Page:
Airway Clearance is Considered a Cornerstone of Therapy Aimed at Minimizing the Effects of Lung Diseases Such as Bronchiectasis

Break the vicious cycle of Bronchiectasis with AffloVest HFCWO Airway Clearance Therapy

Importance of Airway Clearance Therapy

Airway clearance therapies can help manage the symptoms of chronic respiratory diseases.  By providing airway clearance therapies, studies show a reduction in hospitalizations, exacerbations and healthcare costs.1 Airway clearance therapy is designed for individuals whose cough mechanics are altered and whose ability to mobilize and clear airway secretions is compromised.  For decades, airway clearance therapy has been considered one of the cornerstones of therapy for the prevention and treatment of pulmonary diseases and respiratory dysfunction to aid in the removal of the mucus that cause airway obstruction. Early diagnosis and implementation of airway clearance therapy (ACT), coupled with management of infections and airways inflammation, can help break the vicious cycle associated with chronic pulmonary and neuromuscular respiratory diseases.2

Personalizing Airway Clearance Therapy

When choosing an airway clearance therapy, it is important to take into consideration the patient’s  preferences. Personalizing airway clearance is important as it needs to address specific patient needs.3 An individualized strategy should consider the patient’s disease state, preference and motivation. An airway clearance regimen should be effective, efficient, and easy to use independently or with minimal assistance. It should also be flexible, comfortable and adaptable to meet the changing needs of the individual patient.

Adherence to airway clearance therapy can significantly influence outcomes of the therapy, therefore it is important to select a therapy that the patient will comply to regularly. Several studies have suggested that poor adherence to prescribed ACT exists across all age ranges. Lack of adherence has been linked to lengthy treatment times, perceived lack of efficacy, coping mechanisms, level of knowledge of the therapy, and personal preference for the ACT device or therapy.4

Airway Clearance Options

One of the most effective airway clearance therapies is a high frequency chest wall oscillation (HFCWO) vest, also referred to as vest therapy.  Several studies report that HFCWO mobilizes more secretions than manual CPT, aids in mucus expectoration (coughing up of mucus),  and contributes to stabilization or improvement of lung function.5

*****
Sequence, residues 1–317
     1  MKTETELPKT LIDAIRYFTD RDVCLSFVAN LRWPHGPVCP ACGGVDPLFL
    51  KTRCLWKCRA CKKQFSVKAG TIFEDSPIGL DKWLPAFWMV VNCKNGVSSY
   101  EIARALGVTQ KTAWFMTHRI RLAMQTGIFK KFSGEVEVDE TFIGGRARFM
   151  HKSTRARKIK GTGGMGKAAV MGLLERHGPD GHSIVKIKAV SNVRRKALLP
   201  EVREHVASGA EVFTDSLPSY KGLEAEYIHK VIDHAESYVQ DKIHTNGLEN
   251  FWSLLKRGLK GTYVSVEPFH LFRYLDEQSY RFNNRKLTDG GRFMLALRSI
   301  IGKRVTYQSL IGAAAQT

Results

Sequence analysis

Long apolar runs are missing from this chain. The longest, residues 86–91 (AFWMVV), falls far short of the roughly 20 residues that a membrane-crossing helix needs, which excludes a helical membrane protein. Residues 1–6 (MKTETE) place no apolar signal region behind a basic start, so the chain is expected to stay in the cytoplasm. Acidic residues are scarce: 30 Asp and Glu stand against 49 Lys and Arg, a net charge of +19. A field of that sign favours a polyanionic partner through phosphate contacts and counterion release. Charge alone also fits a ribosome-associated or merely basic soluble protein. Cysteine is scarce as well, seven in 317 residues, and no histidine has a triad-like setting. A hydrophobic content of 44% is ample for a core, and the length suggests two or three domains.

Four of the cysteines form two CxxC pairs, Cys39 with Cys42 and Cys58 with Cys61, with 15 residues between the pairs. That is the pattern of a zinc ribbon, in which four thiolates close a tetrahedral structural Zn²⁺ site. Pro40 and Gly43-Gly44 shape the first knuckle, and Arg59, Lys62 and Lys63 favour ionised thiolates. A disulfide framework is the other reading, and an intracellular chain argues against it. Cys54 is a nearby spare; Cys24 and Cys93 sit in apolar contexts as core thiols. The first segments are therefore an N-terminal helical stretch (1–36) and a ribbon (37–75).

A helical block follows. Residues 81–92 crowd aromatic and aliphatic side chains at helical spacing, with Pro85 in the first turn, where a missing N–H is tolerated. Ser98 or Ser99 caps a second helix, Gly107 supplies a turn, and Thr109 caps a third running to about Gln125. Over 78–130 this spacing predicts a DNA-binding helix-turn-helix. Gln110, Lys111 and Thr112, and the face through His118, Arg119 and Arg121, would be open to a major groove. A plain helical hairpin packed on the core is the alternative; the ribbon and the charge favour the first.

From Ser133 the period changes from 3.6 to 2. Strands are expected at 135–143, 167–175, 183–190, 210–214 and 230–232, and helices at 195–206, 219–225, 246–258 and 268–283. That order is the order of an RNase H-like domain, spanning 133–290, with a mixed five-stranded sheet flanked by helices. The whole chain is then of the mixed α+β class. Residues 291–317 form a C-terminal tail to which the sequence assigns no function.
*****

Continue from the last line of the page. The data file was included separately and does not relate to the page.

AffloVest is the first battery-operated HFCWO therapy that lets patients with bronchiectasis, cystic fibrosis, and neuromuscular diseases receive state-of-the-art airway clearance therapy (ACT) on the go. With over 10,000 already in clinical use, AffloVest is a proven ACT. The AffloVest is designed to provide patients the freedom and mobility during use to streamline therapy, enhance airway clearance, help mobilize lung secretions, and promote treatment adherence.

The AffloVest provides patient-specific therapy with eight anatomically targeted oscillating motors to create eight individual pressure waves that target all the lobes of the lungs, front and back, and is designed to mimic the gold standard of Chest Physical Therapy, in order to help effectively mobilize secretions. With seven size variations and adjustable shoulder and chest straps, the ergonomic fit of the AffloVest can accommodate different patients’ needs for anatomically targeted therapy that fits young children and adults.

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  1. Weycker, D., et al., Prevalence and Economic Burden of Bronchiectasis. Clinical Pulmonary Medicine 2005;12:205.
  2. Volsko, T. Airway Clearance Therapy: Finding the Evidence. Respiratory Care 2013 Vol 58 No 10 p. 1669-1678.
  3. McIlwaine, M., et al. Personalizing airway clearance in chronic lung disease. European Respiratory Review 2017; 26: 160086.
  4. McCullough, et al., Treatment adherence and health outcomes in patients with bronchiectasis. BMC Pulmonary Medicine, 2014; 14 p. 107.
  5. Nicolini, A. et al., Effectiveness of treatment with high-frequency chest wall oscillation in patients with bronchiectasis. BMC Pulmonary Medicine. 2013;13:21.